OF TREES AND FOREST
Former Senate President Manny Villar
In a few days, 2022 will end and we will welcome a fresh, new year. Many experts have expressed pessimism on the capacity of the country to achieve growth in 2023. They cited the risks to growth in the coming year, including inflation, hikes in interest rates — both of which are expected to dampen spending — and an expected slowdown in growth in advanced economies. There are certainly reasons to be pessimistic. But from where I stand, I think there are equally compelling reasons to expect a resurgence of optimism.
We are poised to end 2022 with a bang. The third quarter performance of the economy was exceptional, growing at a faster-than-expected rate. As the economy continues to reopen, the economy expanded by 7.6 percent in the third quarter from a year earlier. According to the latest report by the Asian Development Bank (ADB) the Philippine economy will grow 7.4 percent in 2022, up from the bank’s September forecast of 6.5 percent. The World Bank also issued a forecast of a 7.2 percent economic growth, much higher than its previous growth projection of 6.5 percent.
But even if you do not look at the numbers, you can feel this resurgence of optimism in our people. I know it is not scientific but I have always placed credence on observing people in our businesses — the malls, the retail stores. They are a good indicator of the confidence of our people in our future.
For instance, even when the economy reopened in 2021 you can still see the trepidation of people. I would go to our malls and our retail outlets and observe in between meetings. I saw how people slowly trickled back in malls and coffee shops still wary of the virus. But from late 2021 until today, I saw the return of confidence in people going out. Malls, supermarkets, restaurants and coffee shops filled up with people not just in our business but across the board.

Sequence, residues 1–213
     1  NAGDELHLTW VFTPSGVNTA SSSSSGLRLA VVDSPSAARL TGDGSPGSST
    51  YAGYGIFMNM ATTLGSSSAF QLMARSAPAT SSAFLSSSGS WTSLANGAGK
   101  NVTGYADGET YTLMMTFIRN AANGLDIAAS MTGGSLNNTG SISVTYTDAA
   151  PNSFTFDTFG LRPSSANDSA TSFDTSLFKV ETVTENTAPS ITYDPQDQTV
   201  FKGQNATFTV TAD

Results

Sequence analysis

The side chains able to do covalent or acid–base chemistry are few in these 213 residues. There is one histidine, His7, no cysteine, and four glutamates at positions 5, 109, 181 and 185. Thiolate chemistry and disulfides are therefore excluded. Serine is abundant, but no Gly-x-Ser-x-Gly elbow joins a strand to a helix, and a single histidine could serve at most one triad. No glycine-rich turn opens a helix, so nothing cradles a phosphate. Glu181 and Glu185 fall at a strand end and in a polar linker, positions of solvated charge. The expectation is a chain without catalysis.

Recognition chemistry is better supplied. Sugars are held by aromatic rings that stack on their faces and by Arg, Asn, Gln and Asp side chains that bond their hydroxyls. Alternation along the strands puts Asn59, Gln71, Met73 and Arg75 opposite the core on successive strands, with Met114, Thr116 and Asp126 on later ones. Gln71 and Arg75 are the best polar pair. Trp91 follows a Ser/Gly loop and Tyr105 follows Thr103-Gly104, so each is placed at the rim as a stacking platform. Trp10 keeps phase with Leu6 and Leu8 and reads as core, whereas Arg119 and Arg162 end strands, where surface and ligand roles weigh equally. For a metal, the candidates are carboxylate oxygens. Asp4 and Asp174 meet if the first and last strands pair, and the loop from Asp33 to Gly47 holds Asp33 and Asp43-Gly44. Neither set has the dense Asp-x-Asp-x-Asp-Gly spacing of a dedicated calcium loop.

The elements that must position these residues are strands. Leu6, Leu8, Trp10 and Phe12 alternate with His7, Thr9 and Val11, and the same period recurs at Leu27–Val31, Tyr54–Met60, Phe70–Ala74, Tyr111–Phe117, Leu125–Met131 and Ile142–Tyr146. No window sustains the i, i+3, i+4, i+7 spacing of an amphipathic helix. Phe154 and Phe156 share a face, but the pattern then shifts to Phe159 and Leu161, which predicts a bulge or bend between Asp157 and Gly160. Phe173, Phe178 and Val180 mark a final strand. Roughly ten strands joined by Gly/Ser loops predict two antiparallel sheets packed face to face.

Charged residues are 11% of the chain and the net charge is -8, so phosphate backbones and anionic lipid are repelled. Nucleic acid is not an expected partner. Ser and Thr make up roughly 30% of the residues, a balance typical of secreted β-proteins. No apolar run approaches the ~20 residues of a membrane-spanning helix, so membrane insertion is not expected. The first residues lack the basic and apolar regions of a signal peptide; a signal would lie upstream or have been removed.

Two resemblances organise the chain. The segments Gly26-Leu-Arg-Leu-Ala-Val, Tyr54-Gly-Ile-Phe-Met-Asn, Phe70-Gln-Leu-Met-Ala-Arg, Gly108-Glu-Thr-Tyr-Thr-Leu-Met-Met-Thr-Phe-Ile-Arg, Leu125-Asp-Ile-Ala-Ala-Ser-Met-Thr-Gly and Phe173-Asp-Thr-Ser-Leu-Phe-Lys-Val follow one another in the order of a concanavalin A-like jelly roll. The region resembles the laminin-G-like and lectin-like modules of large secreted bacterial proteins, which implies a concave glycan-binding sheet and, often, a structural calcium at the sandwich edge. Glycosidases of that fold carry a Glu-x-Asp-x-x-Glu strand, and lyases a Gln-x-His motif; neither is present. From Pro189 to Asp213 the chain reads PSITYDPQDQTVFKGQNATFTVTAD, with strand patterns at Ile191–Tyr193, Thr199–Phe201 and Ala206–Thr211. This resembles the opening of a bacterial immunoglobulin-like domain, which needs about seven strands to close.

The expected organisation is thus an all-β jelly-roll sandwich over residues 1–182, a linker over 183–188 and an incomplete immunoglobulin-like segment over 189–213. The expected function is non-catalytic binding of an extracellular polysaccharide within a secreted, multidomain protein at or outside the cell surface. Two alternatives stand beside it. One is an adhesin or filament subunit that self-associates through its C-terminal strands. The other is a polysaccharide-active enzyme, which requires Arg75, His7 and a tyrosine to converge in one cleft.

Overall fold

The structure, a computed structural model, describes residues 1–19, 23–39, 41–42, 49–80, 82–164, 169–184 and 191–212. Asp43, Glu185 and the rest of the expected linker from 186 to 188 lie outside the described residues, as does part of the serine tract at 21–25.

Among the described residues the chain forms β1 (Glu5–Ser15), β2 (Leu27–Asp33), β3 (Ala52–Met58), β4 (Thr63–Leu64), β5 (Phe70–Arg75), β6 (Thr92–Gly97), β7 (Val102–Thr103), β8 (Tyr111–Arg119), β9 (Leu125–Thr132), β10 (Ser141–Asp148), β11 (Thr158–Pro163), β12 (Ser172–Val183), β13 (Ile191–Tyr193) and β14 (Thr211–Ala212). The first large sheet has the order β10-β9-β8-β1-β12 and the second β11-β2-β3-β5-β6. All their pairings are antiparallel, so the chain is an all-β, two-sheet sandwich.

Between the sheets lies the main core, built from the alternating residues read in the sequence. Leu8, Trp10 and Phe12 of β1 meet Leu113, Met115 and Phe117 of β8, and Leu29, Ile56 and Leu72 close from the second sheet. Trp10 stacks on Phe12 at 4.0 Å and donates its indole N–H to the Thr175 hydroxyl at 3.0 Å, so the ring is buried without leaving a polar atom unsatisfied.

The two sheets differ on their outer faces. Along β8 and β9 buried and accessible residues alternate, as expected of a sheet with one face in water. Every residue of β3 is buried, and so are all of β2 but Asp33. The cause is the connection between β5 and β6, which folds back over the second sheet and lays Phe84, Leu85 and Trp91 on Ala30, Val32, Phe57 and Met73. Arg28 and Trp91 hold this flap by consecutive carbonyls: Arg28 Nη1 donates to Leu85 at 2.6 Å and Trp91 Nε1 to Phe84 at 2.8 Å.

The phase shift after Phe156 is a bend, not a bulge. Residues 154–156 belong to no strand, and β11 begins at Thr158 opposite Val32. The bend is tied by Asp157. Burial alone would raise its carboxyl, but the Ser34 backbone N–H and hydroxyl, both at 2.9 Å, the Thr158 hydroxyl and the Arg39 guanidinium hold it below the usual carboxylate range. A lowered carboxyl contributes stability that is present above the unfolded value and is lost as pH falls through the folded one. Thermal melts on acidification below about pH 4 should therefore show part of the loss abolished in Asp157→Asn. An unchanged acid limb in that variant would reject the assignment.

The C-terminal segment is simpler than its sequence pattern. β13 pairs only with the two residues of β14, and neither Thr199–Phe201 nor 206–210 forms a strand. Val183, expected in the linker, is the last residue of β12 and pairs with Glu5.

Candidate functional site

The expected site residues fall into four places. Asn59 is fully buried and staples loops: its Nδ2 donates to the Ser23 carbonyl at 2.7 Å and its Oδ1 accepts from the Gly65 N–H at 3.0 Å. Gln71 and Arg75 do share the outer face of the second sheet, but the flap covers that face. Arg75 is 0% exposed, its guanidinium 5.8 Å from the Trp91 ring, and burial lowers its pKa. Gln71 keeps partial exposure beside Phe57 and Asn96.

I think this has something to do with some of the changes government made that affected how people viewed the pandemic. There was a time when we were constantly looking at the number of daily infections and panic if we see a rise in the numbers of positive testing. I am glad that government agencies have shifted to a weekly update of the numbers and refocusing efforts of health protocols.
I also thought that the decision of the new administration of President Ferdinand Marcos, Jr. to ease mask requirements had an important psychological effect on people. Do not get me wrong. I believe that wearing of masks is an important layer of protection from the virus. And by observing people walking in malls and public places, many are still wearing masks despite the easing of the mask mandate.
But the psychological effect is that people have accepted the fact that this is the new normal. People are back with a vengeance — shopping, eating out, having coffee — signs of normalcy and good signs for the economy. The stronger-than-expected third quarter growth was primarily brought about by stronger-than-expected domestic demand as people got their jobs back or found new jobs and tourism (domestic and international) has roared back to life.
There are headwinds in our future of course. Inflation, driven by rising cost in food, is a great concern as well as the expected increase in interest rates. And who knows what crisis lies ahead? The pandemic was a surprise in 2020 and the Ukraine-Russia conflict was the unknown in the past year. But as the ADB report noted, “the Philippine economy has shown strong underlying growth momentum and resilience in 2022 and this is expected to continue in 2023.”
I agree. And that resilience is founded on the optimism of our people. This is confirmed by the latest Social Weather Stations (SWS) survey which showed that 45 percent of Filipinos “are optimistic for the year ahead.” Only two percent of those surveyed said they felt their lives will worsen.
We cannot predict what will happen in 2023 just as no one actually foretold the pandemic or the Ukraine crisis. Who knows what the new year will bring? But there is one thing we already know — our people will persevere. That is enough cause to celebrate.
Happy New Year everyone!
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